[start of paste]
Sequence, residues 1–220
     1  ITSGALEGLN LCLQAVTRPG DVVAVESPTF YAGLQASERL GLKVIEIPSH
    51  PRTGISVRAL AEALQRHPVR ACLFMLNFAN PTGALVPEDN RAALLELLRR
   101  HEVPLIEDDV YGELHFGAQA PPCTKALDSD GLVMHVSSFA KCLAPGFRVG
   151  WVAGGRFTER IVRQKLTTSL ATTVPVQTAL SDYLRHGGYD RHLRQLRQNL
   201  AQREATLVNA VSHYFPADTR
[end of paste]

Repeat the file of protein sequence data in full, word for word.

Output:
Sequence, residues 1–220
     1  ITSGALEGLN LCLQAVTRPG DVVAVESPTF YAGLQASERL GLKVIEIPSH
    51  PRTGISVRAL AEALQRHPVR ACLFMLNFAN PTGALVPEDN RAALLELLRR
   101  HEVPLIEDDV YGELHFGAQA PPCTKALDSD GLVMHVSSFA KCLAPGFRVG
   151  WVAGGRFTER IVRQKLTTSL ATTVPVQTAL SDYLRHGGYD RHLRQLRQNL
   201  AQREATLVNA VSHYFPADTR